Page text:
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    My daily writing--emails, journal entries, marginalia, more emails, blog posts, and tweets--shapes me as a writer, helping and hindering the big stuff I'm trying to accomplish. Every word counts.

    My name is James Black. I'm on Facebook and Twitter. Friend and/or follow me if you like.

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Felt Sense of the Story

I’m taking a course with the wonderful Elizabeth Stark to help get cranking on my novel. After writing pretty diligently for two months, we paused in January to read up on craft and figure out what makes the novels we love so lovable.

We return to our own novels next week. To prepare, Elizabeth asked us to write letters to ourselves to revisit what inspired our novels and what is central to them now. Here’s mine:

Dear Me,

You started writing this book on a generous dare, sort of to impress a new friend, which is the kind of nudge you’ve always needed. For the past two years and seven months you’ve been tapping keys, meandering down pages, expanding what was an incomplete short story into what is as yet an incomplete novel (a fresh rough draft, actually). You started with a thread of situation–a gay man trying to support his straight brother who has sought refuge as the victim of his wife’s abuse–and braided in a few more threads: the gay man’s partner is stationed in Iraq, and after his partner’s return, the teenage niece becomes a confidante to her new uncle.

You can’t remember exactly how you acquired the new threads. Maybe they came from other ideas that have ended up being minor plot points or aspects of character. Whatever, you wrote your way through it all, whether you were in the writing zone or scribbling ideas in your Moleskine. You’ve always been pretty good at finding possibilities through a process of writing, sifting, writing, sifting, which is really about exploring what you know of lived experience (yours and others) because you like stories that are believable, not merely possible. This novel, your novel, is packed with characters and situations you believe.

When you started writing it, the novel was about Blaine, the unacknowledged partner, but you wondered if you should give Henry, the soldier, just as much page time, maybe more. Wouldn’t it be gutless to try to write around his experience? And the brother and his kids–weren’t they important, too? Why were they in the book if they weren’t? Everything and everyone became important, including the characters who didn’t appear. And were you representing women fairly? Besides the niece, there’s an abusive wife and absent best girl-friend? Was something about writing the book turning you into an old-school, misogynophobic queen? Were the complexities of gender identity and expression coming through but not distracting as they are in real life (instead of the flat, Mars/Venus-style garbage that clogs popular culture)? These questions were important to ask, right? You weren’t just asking them to slow things down and avoid the writing, right? Continue reading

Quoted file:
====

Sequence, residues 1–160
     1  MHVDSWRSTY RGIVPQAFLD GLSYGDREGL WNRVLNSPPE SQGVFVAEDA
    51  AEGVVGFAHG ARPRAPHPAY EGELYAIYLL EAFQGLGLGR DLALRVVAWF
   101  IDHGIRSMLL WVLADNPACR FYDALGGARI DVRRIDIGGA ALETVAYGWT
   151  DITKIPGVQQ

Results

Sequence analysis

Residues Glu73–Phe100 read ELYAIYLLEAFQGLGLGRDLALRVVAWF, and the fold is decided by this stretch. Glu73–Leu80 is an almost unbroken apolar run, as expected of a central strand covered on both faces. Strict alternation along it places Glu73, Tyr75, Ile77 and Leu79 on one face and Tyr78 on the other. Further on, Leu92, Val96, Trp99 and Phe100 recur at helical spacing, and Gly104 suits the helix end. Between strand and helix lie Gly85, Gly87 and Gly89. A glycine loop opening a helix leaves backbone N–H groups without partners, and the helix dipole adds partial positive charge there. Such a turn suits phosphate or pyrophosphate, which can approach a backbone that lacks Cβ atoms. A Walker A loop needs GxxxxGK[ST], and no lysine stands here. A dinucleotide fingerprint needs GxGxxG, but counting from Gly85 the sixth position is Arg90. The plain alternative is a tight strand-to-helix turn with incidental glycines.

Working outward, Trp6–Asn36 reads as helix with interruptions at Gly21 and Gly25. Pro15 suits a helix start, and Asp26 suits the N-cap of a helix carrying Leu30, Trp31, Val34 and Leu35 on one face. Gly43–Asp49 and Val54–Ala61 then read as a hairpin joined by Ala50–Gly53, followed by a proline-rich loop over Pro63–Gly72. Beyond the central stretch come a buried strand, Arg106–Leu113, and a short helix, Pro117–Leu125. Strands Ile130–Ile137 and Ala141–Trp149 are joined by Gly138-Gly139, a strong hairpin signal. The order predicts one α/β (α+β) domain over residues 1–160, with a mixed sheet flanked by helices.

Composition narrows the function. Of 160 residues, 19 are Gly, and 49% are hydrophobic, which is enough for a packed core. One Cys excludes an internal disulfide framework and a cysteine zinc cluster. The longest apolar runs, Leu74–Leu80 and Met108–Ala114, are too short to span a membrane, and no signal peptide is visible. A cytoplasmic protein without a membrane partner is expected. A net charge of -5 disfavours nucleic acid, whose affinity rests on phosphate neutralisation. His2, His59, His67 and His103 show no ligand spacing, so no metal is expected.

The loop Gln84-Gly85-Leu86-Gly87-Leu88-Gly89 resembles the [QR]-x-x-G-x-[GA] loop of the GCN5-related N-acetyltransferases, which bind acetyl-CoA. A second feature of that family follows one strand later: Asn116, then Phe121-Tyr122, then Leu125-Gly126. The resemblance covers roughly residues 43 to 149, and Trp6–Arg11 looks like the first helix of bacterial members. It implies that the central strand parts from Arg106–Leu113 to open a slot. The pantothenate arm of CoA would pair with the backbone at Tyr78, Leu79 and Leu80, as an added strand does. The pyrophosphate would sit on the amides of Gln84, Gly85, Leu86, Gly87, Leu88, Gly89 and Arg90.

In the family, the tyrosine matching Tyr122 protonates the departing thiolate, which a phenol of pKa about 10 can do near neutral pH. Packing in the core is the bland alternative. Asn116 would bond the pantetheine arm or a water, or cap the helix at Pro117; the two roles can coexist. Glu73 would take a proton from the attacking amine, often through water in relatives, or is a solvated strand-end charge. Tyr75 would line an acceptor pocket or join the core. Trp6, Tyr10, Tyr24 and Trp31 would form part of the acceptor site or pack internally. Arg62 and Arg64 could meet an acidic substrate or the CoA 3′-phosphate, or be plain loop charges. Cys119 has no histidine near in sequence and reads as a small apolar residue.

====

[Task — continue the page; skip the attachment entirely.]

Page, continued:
Blinky, Smiley Pundits

A few years ago, I got to see and hear Tony Kushner in person. He is a gentle, polite human being offstage, and a ferocious, intelligent persona on stage. He offered an observation that has kept me thinking for these years. He said that art is not activism. In that moment, I agreed and disagreed, and have puzzled over this comment since. Lately, I’ve been thinking about how what he said relates to the presidential campaign process: rhetoric, which is an art, is not action. Writing and speaking can illuminate us to what the writer/speaker wishes to do and wants us to do. It’s not action, but it’s useful.

Candidates tell us what they think they will do, but the campaign process involves pundits telling us what the candidates really mean, what we should really think about them, and–my favorite part–telling us what the future holds if this or that so-and-so is elected. It reminds me a lot of when critics and fans of the American version of The Office insist that it’s amazing and brilliant, and go on to explain why it’s funny, and how it’s going to go down in history as one of the greatest television shows ever. Political and entertainment pundits alike tend to promote too much, and I tend not to buy what they’re selling.

It’s kind of fun to watch the pundits giggle condescendingly at one another in the split screen, eager to explain why they’re right and the others are wrong. Right now I’m watching a particularly blinky, smiley Republican economist shaking her head as one of Obama’s advisers speaks. As soon as she has an opening, she flings two accusations at the “Obama camp,” which the Obama adviser immediately dismisses before offering some accusations herself. The Republican pundit continues to smile through all of this, blinking faster when she’s not speaking. The Obama adviser is stone-faced through it all. Finally, Wolf Blitzer must go to a commercial, and I have learned nothing from this segment, except that I should have trusted my instinct not to waste my time on this trash.